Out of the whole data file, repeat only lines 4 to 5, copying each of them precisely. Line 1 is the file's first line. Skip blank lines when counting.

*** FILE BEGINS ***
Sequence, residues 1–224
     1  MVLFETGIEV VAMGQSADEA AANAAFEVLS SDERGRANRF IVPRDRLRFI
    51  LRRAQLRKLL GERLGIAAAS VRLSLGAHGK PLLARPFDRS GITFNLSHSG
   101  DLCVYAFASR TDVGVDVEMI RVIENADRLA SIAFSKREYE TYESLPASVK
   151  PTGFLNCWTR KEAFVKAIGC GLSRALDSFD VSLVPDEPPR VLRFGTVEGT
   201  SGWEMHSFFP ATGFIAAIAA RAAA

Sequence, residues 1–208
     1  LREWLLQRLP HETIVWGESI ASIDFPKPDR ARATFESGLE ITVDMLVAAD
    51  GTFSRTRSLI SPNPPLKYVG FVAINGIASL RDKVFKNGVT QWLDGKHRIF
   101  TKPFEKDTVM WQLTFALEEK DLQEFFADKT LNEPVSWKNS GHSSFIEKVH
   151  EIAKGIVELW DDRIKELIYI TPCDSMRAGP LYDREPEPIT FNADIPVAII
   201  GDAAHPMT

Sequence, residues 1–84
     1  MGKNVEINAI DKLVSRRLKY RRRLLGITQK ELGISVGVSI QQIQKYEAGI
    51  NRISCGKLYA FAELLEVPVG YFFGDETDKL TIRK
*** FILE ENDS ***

   101  DLCVYAFASR TDVGVDVEMI RVIENADRLA SIAFSKREYE TYESLPASVK
   151  PTGFLNCWTR KEAFVKAIGC GLSRALDSFD VSLVPDEPPR VLRFGTVEGT